Image credit: Kevin McNamee-Tweed, "Untitled," clay

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First Thing

I open my eyes in the morning,

first thing,

I look for my body

to wear.

It’s laid where I left it

in the night,


It’s been like this for years.

I always find it and I always





And my mother gave me

a long list,

her handwriting,

on a scrap of paper.

Excited with my mission,

child prophet,

a child of hope, a child on a string,

I set out in easy future

steps onto the winding

path of my childhood.

High above my head

the sun passed like a giant clock

on the wall of the world.



Poems in Nature

When I was a child I tore off wings.

The beauty seemed

more important than the benefit.


One ant hesitates

as if her

cause were exhausted.


A mole’s mound

reminds me

there are entire lives concealed from sight.


Even here in the shade of the trees

a thought about money

slithers off like a snake in the grass.


I am not from here.

My instances of certainty, brief

as light

in the stairwell.




The staticky voice of the soldier girl

asks me to ascertain

that nothing out of the ordinary

is going on, nothing strange.


Well, sheep punctuate the line of a hill,

one Arab shepherd, a hawk

is gliding overhead, and all is still

as oil on canvas. 


What can I say, wireless girl,

nothing here is strange but me.




The roughness of his hands that grew tired

from turning trees into tables

all day long. The silver hair shining

above his bright moon face.

His body bending over the electric saw.

I insist on remembering

for his sake, but mostly

I insist for my own.

דבר ראשון

אֲנִי פוקֵחַ עֵינַיִם בַבקֶֹר
דָבָר רִאשון
מְחַפֵש אֶת הַגוף
הוא מֻנַח הֵיכָן שֶעָזַבְתִי
,אותו בַלַיְלָה
.כָכָה כְבָר שָנִים
תָמִיד אֲנִי מוצֵא וְתָמִיד




וְאמא שלי נָתְנָה
רְשִימָה אֲרֻכָה
בִכְתָב יָדָה
.עַל פֶתֶק לְהָבִיא
,נִלְהָב מִשְלִיחותִי
,יֶלֶד נָבִיא
,יֶלֶד תִקְוות, יֶלֶד עַל חוטִי
יָצָאתִי בְצַעֲדֵי עָתִיד
קַלִים אל השביל
.המתפתל של ילדותי
גָבהלַ מֵעַל רָאשִי
נָקְפָה הַשֶמֶש כְמו שָעון עֲנָק
.עַל קִיר הָעולָם



שירים בחיק הטב

.כְשְהָיִיתִי יֶלֶד תָלָשְתִי כְנָפָיִם
הָיופִי נִדְמֶה אָז
.חָשוב מִן הַתועֶלֶת
נְמָלָה אַחַת מְהַסֶסֶת
.אָזְלו נִימוקֵיה
גֻמְחָה שֶל חֲפַרְפֶרֶת
מַזְכִירָה לִי
.שֵיֵש חַיִים שְלֵמִים סְמויִים מִן הָעַיִן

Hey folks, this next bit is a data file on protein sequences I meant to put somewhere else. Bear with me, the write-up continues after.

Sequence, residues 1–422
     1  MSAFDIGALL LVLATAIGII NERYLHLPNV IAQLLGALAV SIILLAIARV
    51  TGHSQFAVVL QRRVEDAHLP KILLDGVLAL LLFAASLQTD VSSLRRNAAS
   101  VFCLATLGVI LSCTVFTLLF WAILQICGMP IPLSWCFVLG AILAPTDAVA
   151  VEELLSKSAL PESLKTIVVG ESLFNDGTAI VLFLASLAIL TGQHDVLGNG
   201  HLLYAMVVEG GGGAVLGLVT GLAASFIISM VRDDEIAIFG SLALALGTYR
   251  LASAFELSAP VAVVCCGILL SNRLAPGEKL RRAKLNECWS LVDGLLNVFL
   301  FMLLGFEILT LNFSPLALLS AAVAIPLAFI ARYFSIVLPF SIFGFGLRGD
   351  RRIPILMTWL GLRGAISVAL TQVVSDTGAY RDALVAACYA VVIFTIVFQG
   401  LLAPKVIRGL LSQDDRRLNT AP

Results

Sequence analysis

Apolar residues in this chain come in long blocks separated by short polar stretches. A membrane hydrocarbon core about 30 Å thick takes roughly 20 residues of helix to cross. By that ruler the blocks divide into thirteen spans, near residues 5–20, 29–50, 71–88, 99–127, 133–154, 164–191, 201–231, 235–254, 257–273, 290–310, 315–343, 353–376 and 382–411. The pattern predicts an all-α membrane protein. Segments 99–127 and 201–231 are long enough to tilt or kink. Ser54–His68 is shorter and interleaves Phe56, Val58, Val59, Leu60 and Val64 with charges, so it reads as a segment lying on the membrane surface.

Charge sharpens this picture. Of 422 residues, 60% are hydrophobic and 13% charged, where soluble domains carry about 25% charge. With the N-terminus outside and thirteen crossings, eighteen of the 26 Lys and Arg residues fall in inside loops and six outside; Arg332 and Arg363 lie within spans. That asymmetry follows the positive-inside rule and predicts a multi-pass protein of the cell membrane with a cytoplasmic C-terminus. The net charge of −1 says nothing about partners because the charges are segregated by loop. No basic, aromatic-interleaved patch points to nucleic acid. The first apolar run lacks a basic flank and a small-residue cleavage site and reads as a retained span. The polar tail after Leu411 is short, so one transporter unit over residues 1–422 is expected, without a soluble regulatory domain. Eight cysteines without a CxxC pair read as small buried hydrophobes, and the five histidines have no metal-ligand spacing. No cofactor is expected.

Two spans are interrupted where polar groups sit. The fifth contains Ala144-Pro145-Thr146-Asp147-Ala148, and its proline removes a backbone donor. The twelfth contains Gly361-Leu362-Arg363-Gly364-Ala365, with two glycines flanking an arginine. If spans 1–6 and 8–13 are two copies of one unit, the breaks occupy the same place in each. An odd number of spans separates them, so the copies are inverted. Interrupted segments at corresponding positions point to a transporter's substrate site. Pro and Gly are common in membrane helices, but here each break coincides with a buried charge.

אֲפִלו פהֹ בְצֵל הַעֵצִים
מַחְשָבָה עַל כֶסֶף
.מִזְדָחֶלֶת כְמו נָחָש בָעֵשֶב

.אֲנִי לא מִפהֹ

רִגְעֵי הַוָדָאות שֶלִי קְצָרִים
כְמו אור
.בְחֲדַר הַמַדְרֵגות




קולָה הַמְקֻטָע שֶל הַחַיֶלֶת מְבַקֵש
א קורֶה מִמֶנִי לְהַשְגִיחַ שֶ
שום דָבָר יוצֵא מִגֶדֶר
.הָרָגִיל, שום דָבָר מוזָר
ובְכֵן, כְבָשִים מְנַקְדות אֶת צֶלַע
הָהָר, וְרועֶה עֲרָבִי אֶחָד, ובָז
בְעֶדְנָה מֵעַל, וְהַכלֹ שָלֵו
.כְמו שֶמֶן עַל בַד
,מַה אמַֹר, נַעֲרָה אַלְחוטִית
לא מוזָר כָאן, מִלְבַדִי




חִסְפוס יָדָיו שֶכָל הַיום
עֵצִים הָיו מִתְעַיְפות לַהֲפ ֹ
לְשֻלְחָנות. שֵעָר הַכֶסֶף הַנוצֵץ
.מֵעַל פְנֵי הַיָרֵחַ הַבְהִירִים
.גופו הָרָכון מֵעַל הַמַשור הַחַשְמַלִי
אֲנִי מִתְעַקֵש לִזְכרֹ
אֶת זֶה בִשְבִילו, אֲבָל בְעִקָר
.מִתְעַקֵש בִשְבִילִי

Translator's Note

Compared to the tempestuous, spirit-drunk prophets of the Bible, Eli Eliahu is stone sober. Born in Tel Aviv in 1969, he is an editor at Israeli’s longest running daily newspaper,  Ha’aretz; he is a father, and, like nearly all Jewish Israelis, he was once a soldier. He is a secular man whose poetry is deeply engaged in Biblical narratives—indeed, his poetry engages in all of aspects of his own life in conversation with Biblical narratives, especially those featuring the scribes and prophets.  Eliahu’s poetry befits the son of two Iraqi immigrants who descend from one of the most historically significant communities in the Jewish world. For Babylon (in modern-day Iraq) plays an oversized role in producing the scribes and prophets—Isaiah, Jeremiah, Ezekiel, and Ezra—as well as the material of prophecy itself.


Eliahu’s poems are simple in structure, arranged around a single message, and they are exquisitely crafted, with sleek parts of speech, and lines so beautifully aligned that reading these poems aloud is like moving a finger over the lip of a crystal glass—the air will echo for a few minutes after the words leave the mouth. For his three collections, I, and Not an Angel (2008), City and Fears (2011), and Epistles to the Children (2018), Eliahu has been awarded one of the first Matanel Prizes for Young Jewish Writers (2013), the Levi Eshkol Prime Minister’s Poetry Prize (2014) and an honorable mention for the first Dr. Gardner Prize for Hebrew Poetry, established by the First Lady of Israel, Nechama Rivlin in 2018.

Marcela Sulak


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